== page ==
A PURE SPACE: Sarah McLachlan talks about finding joy in music, plays Wilson Center on Feb. 16

“You know, I like making people laugh almost better than making them cry,” Sarah McLachlan quips over the phone last week. The Canadian-born singer-songwriter has been tapping into her inner comedian while telling backstories to some of her most famous hits on her latest tour. Though she founded Lilith Fair in 1996, and over her two decade career has received numerous awards and accolades—including Best Female Vocalist of the Year, Songwriter of the Year, and Single of the Year (“Building a Mystery”)—once “Angel” became the theme song for ASPCA (American Society for the Prevention of Cruelty to Animals) commercials in the mid 2000s, she inevitably became the voice of the “sad puppy song.”

BUILDING A CONNECTION:  Sarah McLachlan will host this year’s Juno Awards but not before a three-week tour that will bring her to the Wilson Center this Saturday night. Courtesy photo
BUILDING A CONNECTION: Sarah McLachlan will host this year’s Juno Awards but not before a three-week tour that will bring her to the Wilson Center this Saturday night. Courtesy photo

“Honestly, for me, it’s been very positive and I’m very happy I did it,” McLachlan confirms. “Am I the brunt of a bunch of jokes because of it? Yeah. But I don’t give a shit. . . . It raised a whole lot of money and saved a lot of animals’ lives. So I have no regrets.”

McLachlan’s mini three-week tour will bring her to CFCC’s Wilson Center on Saturday, February 16, for an intimate, stripped-down performance of fan favorites, including songs from “Fumbling Towards Ecstasy” (1993) and “Surfacing” (1997). The show will be McLachlan on piano and guitar—exactly where the songs began. Her performance will be the antithesis of the bells and whistles of modern music production. “It’s just bringing [songs] back to their original pure space,” she notes. “This is how I wrote them.”

The process of writing the songs is something to be celebrated, too. It can be a lonely and isolating undertaking for an artist to face her struggles or trauma—or from wherever the song was inspired. McLachlan finds the joy in approaching them now on the other side.

“It’s the tough stuff that defines us,” she confirms. “That’s where the songs come from: leaning into the hard stuff. For me, it’s finding a way through it and being able to sing from that perspective. It’s joyful and it’s such a freedom.”

McLachlan also has a new tune, “Wilderness,” she’ll debut to her Wilmington audience. Though, it’s not finished yet. “I figure what’s the best way, you know, to force myself to finish the damn thing?” she asks with a laugh. “Also, the weaknesses for me in a song become glaringly obvious when I perform it live, and it pushes me to make it better.”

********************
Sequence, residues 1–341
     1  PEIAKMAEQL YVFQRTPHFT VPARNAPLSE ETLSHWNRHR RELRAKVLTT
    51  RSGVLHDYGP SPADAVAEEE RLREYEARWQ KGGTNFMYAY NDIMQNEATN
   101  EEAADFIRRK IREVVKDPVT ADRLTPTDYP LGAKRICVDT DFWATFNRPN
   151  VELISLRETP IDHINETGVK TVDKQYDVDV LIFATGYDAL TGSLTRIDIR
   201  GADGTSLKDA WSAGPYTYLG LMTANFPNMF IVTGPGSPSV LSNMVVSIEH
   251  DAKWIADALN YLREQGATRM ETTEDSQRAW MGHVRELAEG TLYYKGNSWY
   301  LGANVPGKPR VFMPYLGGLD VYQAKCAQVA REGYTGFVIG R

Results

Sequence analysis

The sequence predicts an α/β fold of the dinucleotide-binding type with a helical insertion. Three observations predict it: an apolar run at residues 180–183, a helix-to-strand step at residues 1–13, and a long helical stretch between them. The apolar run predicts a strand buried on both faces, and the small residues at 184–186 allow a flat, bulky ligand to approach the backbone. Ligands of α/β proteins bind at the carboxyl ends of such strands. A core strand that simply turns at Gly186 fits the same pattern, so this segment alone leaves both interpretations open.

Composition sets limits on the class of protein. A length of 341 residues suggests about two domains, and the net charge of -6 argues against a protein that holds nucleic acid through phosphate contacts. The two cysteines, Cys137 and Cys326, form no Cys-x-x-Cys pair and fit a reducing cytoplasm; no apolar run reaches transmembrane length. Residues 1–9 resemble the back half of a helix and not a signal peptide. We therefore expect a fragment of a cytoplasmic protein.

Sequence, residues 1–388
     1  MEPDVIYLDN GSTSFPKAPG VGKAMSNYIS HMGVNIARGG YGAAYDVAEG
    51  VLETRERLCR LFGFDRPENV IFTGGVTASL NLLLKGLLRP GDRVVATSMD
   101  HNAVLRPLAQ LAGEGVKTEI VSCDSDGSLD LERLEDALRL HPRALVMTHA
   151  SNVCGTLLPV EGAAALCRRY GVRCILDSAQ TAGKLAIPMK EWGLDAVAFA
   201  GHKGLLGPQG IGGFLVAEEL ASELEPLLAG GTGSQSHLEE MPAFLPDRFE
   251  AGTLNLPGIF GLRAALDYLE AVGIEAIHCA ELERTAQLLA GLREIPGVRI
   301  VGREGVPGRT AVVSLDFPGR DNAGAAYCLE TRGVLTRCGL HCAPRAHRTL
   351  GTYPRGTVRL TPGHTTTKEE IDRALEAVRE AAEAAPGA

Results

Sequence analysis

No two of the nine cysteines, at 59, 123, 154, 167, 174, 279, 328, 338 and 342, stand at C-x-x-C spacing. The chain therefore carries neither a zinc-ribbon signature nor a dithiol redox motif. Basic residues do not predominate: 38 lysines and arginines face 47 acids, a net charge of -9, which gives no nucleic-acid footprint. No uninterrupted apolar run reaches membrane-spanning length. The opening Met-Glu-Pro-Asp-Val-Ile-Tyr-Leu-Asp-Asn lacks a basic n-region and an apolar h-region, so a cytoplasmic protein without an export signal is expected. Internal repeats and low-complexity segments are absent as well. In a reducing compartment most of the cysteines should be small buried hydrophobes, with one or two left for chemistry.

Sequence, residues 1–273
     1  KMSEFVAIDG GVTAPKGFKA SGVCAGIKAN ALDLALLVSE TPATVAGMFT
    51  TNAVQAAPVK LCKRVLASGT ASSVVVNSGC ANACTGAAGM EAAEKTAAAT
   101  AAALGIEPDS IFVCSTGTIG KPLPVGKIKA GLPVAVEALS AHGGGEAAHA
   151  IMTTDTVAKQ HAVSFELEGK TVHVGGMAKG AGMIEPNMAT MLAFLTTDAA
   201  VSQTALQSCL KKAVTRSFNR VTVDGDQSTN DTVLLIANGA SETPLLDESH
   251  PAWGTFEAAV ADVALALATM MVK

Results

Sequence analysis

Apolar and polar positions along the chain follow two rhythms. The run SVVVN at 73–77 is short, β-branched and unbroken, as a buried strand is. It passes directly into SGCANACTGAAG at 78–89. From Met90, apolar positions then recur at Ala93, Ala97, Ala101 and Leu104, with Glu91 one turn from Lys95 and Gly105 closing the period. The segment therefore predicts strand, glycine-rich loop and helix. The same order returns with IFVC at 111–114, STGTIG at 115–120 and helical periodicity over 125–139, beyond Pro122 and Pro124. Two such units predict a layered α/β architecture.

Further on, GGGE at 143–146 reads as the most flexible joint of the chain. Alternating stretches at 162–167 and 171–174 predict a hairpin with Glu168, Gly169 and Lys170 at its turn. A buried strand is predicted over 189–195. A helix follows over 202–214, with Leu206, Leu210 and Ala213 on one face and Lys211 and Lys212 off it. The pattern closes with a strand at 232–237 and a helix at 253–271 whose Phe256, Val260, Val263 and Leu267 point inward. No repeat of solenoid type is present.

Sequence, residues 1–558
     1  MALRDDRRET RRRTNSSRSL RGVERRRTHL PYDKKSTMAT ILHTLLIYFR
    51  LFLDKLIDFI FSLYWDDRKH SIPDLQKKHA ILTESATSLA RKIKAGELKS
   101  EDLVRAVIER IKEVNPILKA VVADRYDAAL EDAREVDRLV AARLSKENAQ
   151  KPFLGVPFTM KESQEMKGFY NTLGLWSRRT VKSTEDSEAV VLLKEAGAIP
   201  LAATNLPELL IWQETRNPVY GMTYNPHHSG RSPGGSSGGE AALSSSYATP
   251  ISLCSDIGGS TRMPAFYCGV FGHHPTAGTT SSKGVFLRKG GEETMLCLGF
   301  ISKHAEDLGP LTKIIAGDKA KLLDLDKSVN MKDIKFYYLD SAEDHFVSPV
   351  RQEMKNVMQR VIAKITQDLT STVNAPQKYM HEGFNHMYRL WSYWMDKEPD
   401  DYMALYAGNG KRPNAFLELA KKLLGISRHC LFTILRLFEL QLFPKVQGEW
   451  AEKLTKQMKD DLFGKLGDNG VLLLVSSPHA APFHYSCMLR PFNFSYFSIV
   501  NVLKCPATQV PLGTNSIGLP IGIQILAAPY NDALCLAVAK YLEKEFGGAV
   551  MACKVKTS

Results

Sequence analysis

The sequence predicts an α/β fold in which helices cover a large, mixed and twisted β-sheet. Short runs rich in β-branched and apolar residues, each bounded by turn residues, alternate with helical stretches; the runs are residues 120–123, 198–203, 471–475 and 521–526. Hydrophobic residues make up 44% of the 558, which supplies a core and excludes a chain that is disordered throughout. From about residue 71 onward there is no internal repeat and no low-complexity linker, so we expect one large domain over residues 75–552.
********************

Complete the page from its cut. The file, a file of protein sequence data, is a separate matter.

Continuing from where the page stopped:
Songwriting always has been a slow process for the artist. While “Wilderness” is theoretically a part of a larger project—McLachlan has about 15 songs in various states at the moment—she’s in no rush to complete it. Outside of releasing “Wonderland” in 2016, the last decade has been full of family, including raising her two daughters, and philanthropy—a different labor of love altogether.

McLachlan opened the Sarah McLachlan School of Music in 2011 to provide free music education for at-risk youth in British Columbia. On average about 49 percent of BC kids who graduate from high school go on to postsecondary school or college, whereas 78 percent of graduates from McLachlan’s school go on to postsecondary. Those numbers, according to the musician, speak volumes to what a well-rounded music program does for kids in the academic world.

“It’s been proven kids who have music education for a minimum of two years, do better in academics,” she says. “So if we’re teaching our children how to be better human beings, who are going to be ruling the world . . . they need to have all the tools they can get. Music opens up our emotional world; it allows us to think creatively and differently, and music gives us a community.”

It was an important outlet for McLachlan as a kid, too; her Canadian schools had robust music programs. Her parents, too, paid for private lessons and were supportive of her passion.

“It was the one thing I was good at,” she tells. “And it gave me a sense of my own worth, particularly as an adolescent. I got picked on a ton; I got bullied and beaten up. I didn’t have any friends, and music was the one thing I could always escape to. . . . I want to make sure other kids have the same opportunity.”

Almost 1,000 kids are enrolled in McLachlan’s music program for free each year. The goal is for everyone to have an outlet and engage in a source of confidence to last a lifetime.

“Having music in their lives gives them a chance to be open and vulnerable, have fun and make music together and, you know, feel a little less weird,” she continues. “For me, being in a band, playing with other musicians, singing together, it’s one of the most beautiful, joyful things we have. It connects us, it connects us to each other, to our emotional world. And we just really need that.”

An Evening with Sarah McLachlan
Saturday, Feb. 16, 8 p.m.
CFCC Wilson Center
703 North Third St.
Tickets: $46-$125

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